What is meditation? Is it just deep belly breathing or is there something more profound?
Marcus Aurelius’ Meditations is a collection of lessons he learnt, his perspective and reflection over a wide range of subjects still relevant today.
“Self-reflection’’ was my first impression with this book – to go to a quite space and make an inventory of what you learnt and reflect on them regularly.
It started with a detailed introduction about the author, followed with 12 chapters of content where he expressed his gratitude to the people he learnt from, his perspectives and reflections.
While some of it were profound, there were quite a lot I couldn’t understand. I felt re-reading it after gaining some maturity would be beneficial.
Anyway, here is a list of philosophies I felt were profound:
· Do not despise death but be well content with it since this too is one of those things which nature wills.
· I have always wondered how it is that every man loves himself more than all the rest of men but sets less value on his opinions of himself than on the opinion of others.
· Neither in writing nor in reading wilt thou be able to lay down rules for others before thou shalt have first learned to obey rules thyself.
I didn’t have any disappointment, but I was surprised at the presentation. The learnings are written as pointers rather than stories.
I feel the best use of the book would be to take notes of what you find important and resonate with and take time to reflect on it – meditate on it.
The philosophies at the end chapters were quite interesting. Take for illustration:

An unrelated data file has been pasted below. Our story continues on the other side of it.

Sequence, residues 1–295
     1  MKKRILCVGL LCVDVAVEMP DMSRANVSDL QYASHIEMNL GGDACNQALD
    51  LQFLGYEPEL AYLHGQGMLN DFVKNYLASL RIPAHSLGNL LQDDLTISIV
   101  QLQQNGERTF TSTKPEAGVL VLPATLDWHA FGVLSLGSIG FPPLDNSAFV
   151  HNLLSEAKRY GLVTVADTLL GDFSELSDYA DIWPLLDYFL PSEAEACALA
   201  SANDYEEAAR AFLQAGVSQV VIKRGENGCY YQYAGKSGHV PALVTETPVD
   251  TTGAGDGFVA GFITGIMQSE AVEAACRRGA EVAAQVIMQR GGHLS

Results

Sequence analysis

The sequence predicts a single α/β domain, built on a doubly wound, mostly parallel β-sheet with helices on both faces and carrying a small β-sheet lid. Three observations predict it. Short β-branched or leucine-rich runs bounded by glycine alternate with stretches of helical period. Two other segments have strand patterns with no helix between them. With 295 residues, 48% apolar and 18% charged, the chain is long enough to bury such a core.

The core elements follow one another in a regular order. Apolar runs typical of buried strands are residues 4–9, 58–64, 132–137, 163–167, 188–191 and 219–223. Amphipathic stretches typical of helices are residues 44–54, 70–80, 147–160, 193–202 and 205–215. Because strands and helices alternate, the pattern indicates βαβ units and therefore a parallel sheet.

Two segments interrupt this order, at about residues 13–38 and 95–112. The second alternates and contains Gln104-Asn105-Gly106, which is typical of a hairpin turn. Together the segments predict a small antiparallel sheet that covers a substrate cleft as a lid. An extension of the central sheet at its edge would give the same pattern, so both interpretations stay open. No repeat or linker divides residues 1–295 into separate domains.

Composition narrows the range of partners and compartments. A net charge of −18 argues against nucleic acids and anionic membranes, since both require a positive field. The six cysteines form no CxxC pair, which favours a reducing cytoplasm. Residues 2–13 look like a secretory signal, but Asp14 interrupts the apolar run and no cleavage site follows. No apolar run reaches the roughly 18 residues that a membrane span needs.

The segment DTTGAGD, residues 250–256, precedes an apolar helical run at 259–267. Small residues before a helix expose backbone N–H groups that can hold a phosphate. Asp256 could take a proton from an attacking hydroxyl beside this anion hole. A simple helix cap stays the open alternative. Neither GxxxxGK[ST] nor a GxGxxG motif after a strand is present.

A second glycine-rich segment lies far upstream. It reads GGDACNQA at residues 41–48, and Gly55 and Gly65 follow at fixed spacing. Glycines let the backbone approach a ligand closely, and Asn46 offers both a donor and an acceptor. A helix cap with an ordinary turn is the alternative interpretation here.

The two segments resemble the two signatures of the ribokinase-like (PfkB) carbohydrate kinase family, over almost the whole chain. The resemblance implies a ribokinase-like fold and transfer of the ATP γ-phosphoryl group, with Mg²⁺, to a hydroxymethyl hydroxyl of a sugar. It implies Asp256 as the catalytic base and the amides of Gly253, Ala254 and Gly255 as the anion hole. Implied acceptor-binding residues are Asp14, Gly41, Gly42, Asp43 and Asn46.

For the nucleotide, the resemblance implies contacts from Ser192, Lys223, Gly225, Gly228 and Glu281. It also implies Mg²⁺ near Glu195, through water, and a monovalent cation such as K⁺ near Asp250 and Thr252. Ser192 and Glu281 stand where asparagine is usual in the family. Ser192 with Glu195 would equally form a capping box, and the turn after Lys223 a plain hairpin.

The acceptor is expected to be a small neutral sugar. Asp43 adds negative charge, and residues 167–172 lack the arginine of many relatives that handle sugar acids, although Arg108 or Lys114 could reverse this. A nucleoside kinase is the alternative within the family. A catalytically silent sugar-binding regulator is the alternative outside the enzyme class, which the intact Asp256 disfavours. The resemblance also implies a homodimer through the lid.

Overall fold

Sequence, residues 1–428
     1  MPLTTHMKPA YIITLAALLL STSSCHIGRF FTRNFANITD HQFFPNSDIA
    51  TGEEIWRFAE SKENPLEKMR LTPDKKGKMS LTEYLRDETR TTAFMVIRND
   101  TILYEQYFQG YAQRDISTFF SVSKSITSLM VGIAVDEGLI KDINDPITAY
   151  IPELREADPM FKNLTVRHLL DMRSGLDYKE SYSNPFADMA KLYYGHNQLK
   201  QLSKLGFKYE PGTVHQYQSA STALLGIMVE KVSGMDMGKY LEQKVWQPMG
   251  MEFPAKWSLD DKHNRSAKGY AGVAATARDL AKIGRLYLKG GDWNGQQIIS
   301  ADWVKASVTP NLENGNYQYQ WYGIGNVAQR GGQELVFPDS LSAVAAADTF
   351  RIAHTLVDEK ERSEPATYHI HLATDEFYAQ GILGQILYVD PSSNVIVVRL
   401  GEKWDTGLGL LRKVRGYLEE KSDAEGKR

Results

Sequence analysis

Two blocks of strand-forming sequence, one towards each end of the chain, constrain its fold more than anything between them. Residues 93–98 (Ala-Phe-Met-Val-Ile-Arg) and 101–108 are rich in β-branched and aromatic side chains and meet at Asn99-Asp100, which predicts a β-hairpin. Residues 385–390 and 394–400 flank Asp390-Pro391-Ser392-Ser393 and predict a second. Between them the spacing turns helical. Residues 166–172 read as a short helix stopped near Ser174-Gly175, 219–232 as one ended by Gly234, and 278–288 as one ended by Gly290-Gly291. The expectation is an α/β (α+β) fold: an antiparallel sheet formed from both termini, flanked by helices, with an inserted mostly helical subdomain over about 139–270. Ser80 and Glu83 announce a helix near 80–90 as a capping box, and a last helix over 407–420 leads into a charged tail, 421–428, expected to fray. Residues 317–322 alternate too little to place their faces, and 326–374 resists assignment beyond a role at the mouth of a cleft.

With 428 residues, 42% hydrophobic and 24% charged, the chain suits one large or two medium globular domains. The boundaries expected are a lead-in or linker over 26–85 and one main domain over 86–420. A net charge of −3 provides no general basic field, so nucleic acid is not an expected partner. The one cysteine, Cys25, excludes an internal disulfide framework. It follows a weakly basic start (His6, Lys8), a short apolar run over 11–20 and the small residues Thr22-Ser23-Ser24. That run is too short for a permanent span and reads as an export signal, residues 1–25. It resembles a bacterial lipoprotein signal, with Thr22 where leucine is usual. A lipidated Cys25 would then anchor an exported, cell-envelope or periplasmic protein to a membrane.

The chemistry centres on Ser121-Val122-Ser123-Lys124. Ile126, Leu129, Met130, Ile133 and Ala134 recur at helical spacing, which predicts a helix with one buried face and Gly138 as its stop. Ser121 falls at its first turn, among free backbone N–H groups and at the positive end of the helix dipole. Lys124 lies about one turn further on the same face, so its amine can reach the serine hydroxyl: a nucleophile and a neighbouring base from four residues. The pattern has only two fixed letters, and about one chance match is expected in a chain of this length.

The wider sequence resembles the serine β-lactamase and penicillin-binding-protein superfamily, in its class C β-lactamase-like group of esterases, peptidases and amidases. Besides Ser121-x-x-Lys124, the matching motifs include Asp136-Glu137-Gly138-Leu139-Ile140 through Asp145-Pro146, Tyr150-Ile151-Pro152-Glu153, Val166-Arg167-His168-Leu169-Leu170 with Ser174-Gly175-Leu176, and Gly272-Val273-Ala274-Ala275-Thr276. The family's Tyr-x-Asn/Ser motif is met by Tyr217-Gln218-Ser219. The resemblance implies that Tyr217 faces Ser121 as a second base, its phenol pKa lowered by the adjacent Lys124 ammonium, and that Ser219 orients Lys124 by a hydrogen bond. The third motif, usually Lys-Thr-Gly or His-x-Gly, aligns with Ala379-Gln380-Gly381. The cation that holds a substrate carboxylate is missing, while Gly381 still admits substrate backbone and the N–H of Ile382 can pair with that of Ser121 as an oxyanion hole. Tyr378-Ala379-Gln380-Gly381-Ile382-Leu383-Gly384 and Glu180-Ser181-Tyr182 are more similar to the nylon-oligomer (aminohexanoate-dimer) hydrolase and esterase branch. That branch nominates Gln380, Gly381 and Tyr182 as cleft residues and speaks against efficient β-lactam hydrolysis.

· Wipe out thy imaginations by often saying to thyself: now it is in my power to let no badness be in this soul, nor desire nor any perturbation at all, but looking at all things I see what their nature is, and I use each according to its value – remember this power which thou hast from nature
· Look within. Within is the foundation of good, and it will ever bubble up, if thou wilt ever dig.
· Let not future things disturb thee, for thou wilt come to them, if it shall be necessary, having with thee the same reason which now thou usest for present things.
If you are interested in reading the inner life and philosophy of Marcus, the lessons he learnt, his perspective and reflection on various subjects like leadership, virtuousness, self-judgement, etc. then this book is for you. Its ancient wisdom is still relevant today.
Although I won’t recommend this book if you are a first-time reader. Its best you start with the books I recommended in Instagram reels.
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